Why the ASA does not regulate political advertising

The Advertising Standards Authority (ASA) is in the news today for two reasons – today is the day the ASA’s remit extends in the online world and it’s also in the news for (rightly) rejecting requests to rule on a controversial advert for May’s electoral reform referendum.

That its remit does not extend to such advertisements has come in for a fair amount of criticism and expressions of surprise, even though the ASA’s decision last century to pull out from such regulation was not really controversial at the time. Why then did it pull out?

A House of Commons Library briefing paper neatly summarises it:

Since 2000 political advertising in the non-broadcast media (i.e. newspapers, bill boards etc) that aims to influence voters in elections or referendums has been exempt from the “British Code of Advertising, Sales Promotion and Direct Marketing”.

This exemption was made on the grounds that it was not appropriate for the ASA, as a non-elected body, to intervene in the democratic process, that ASA rulings would have little practical value because the complex issues involved meant that rulings would probably be made after election day, that judgements would inevitably be within the arena of political debate and that party political advertisements are always subject to a disproportionate amount of media scrutiny.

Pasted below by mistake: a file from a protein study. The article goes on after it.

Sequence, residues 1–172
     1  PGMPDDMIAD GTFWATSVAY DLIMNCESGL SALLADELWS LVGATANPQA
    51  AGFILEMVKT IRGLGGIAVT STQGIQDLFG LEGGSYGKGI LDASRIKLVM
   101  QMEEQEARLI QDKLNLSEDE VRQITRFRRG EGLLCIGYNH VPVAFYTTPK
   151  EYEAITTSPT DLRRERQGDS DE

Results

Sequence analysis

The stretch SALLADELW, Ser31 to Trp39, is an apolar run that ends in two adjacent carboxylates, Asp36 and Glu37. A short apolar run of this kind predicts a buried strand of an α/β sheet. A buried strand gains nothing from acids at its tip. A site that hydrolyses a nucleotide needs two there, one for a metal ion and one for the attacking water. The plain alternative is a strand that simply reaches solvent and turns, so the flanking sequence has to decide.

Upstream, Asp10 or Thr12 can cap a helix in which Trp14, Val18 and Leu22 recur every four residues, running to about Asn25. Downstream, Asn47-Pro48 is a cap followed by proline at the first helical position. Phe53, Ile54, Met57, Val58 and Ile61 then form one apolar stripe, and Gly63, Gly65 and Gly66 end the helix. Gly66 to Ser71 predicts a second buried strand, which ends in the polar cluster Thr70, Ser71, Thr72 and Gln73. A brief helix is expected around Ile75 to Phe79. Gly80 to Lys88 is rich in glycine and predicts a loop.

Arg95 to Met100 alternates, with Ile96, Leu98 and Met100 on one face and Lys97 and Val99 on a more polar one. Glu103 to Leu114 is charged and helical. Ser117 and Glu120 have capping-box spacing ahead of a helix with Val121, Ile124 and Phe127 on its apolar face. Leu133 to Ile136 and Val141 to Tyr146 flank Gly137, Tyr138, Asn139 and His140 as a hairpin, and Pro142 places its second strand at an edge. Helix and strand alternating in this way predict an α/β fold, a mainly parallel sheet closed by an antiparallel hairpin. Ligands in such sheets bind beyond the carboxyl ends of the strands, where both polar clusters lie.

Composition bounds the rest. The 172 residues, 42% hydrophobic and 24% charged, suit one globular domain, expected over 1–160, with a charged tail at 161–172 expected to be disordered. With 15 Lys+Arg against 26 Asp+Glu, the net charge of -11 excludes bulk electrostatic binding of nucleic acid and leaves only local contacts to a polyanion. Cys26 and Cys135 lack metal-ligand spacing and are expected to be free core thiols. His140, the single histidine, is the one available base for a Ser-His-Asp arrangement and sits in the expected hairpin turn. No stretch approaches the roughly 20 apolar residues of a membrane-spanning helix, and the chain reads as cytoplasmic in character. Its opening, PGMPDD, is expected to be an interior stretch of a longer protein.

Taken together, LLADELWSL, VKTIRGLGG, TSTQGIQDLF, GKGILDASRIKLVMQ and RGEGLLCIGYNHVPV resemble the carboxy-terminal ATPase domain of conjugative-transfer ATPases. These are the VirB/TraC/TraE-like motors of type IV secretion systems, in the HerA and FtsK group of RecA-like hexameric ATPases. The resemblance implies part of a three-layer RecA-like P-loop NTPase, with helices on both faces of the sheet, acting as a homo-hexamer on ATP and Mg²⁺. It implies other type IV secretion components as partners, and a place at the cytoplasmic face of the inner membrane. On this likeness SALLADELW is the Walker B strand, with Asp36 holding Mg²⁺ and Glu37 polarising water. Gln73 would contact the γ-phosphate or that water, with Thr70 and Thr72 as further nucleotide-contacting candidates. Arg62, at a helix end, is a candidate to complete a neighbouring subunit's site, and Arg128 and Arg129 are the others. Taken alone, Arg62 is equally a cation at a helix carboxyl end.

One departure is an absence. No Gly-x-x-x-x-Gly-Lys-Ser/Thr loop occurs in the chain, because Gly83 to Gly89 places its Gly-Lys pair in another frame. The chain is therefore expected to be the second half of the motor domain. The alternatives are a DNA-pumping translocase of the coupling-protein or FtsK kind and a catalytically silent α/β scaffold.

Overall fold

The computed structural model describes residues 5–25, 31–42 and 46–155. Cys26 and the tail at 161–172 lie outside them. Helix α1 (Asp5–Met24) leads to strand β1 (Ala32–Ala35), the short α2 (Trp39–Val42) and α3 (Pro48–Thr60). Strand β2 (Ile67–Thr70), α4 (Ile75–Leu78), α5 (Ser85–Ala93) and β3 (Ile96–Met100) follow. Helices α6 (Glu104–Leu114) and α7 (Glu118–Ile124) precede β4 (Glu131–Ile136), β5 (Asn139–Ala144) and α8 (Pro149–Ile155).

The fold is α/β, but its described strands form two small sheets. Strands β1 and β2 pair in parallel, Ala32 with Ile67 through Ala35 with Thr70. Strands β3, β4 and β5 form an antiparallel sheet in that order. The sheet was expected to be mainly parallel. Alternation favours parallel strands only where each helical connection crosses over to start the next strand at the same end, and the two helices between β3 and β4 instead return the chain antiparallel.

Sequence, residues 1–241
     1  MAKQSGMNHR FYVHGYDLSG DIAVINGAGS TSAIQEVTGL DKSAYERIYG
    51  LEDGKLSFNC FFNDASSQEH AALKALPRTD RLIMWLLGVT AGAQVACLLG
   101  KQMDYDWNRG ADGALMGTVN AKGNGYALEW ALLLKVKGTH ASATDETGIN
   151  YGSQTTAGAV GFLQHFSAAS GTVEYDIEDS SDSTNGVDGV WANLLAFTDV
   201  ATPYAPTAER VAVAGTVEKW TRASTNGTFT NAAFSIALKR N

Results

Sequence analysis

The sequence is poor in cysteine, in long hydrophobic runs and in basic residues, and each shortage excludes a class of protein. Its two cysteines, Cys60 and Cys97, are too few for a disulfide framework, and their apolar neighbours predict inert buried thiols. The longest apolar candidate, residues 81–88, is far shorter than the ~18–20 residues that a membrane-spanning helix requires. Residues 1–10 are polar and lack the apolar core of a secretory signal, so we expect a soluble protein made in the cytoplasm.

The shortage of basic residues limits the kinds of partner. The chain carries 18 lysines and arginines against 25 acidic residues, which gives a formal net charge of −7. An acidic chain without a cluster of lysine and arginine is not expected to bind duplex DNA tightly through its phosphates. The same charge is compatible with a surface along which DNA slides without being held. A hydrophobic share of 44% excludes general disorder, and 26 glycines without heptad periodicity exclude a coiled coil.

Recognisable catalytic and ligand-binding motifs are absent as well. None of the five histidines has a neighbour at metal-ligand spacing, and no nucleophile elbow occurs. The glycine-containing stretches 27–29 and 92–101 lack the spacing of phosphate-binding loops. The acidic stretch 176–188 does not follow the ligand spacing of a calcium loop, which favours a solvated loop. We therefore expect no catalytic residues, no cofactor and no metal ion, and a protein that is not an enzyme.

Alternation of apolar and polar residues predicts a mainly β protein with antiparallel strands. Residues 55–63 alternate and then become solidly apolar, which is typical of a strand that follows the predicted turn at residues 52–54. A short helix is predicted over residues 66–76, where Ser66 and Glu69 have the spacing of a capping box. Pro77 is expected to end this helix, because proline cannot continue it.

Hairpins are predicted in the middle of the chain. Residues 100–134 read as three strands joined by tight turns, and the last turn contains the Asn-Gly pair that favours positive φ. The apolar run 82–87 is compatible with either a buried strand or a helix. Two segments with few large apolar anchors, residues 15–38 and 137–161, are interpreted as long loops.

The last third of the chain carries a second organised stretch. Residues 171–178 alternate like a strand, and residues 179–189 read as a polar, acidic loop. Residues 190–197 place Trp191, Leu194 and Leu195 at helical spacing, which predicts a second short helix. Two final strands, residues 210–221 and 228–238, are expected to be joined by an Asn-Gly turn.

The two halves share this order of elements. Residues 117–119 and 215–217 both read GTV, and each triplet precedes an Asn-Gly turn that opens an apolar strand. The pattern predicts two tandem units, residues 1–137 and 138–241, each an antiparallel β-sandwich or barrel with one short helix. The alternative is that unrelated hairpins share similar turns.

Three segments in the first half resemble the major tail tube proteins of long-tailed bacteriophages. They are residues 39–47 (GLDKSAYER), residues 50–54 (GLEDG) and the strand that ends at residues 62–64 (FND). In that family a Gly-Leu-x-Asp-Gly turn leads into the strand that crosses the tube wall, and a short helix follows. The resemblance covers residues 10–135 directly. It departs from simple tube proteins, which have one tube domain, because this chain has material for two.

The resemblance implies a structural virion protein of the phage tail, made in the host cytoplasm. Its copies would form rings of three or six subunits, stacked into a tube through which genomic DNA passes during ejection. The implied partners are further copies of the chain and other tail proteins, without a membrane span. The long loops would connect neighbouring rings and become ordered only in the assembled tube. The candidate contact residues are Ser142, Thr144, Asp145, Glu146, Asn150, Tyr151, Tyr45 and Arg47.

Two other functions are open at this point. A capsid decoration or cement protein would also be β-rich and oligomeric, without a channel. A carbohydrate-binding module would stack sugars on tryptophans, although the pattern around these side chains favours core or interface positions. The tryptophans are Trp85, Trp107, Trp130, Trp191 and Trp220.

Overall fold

4 responses to “Why the ASA does not regulate political advertising”

  1. I disagree with your view that the ASA is right to not rule on political adverts. This means that a whole section of advertising is entirely unregulated, which is clearly undesirable. I don’t think that media scrutiny is enough – will a No2AV friendly newspaper be particularly likely to flag up flaws in the campaign literature? I’d imagine that plenty more people will see the advert than the refutal of it’s claims. In cases where election or referendum literature is knowingly false or exceedingly misleading and this could have reasonably been expected to have affected the outcome of the vote then surely it is right that the result be overturned and the vote re-run.

    I also don’t see the issue of a non-elected body to intervene in the democratic process in the context of fraud – the judiciary are a non-elected body and can intervene in the process in the case of fraud. An example here is Phil Woolas, there was even an example in the USA where the court ruled that a senator ruled to have committed electoral fraud was to give up his seat to his nearest rival. In any case, I don’t see how a fair democratic process can be carried out with much of the population being given false information on which to base their decision.

    Knowingly lying in an election campaign is, in my view, electoral fraud and should be dealt with accordingly.

  2. Guido pretty much hits the nail on the head – that, and the fact that the ASA couldn’t be bothered to do it (“Oh, it would just take too long” pretty much sums up their stance.)

    The ASA took the same approach with websites (broadly – “we can’t do it, it’s too difficult”) until it became obvious they had to.

    Essentially, without regulation, political adverts & leaflets can say pretty much what they like within certain legal boundaries. If there isn’t some form of regulation – even rules agreed between political parties and administered by the ASA – then eventually people will believe even less anything written in a political document than they do now.

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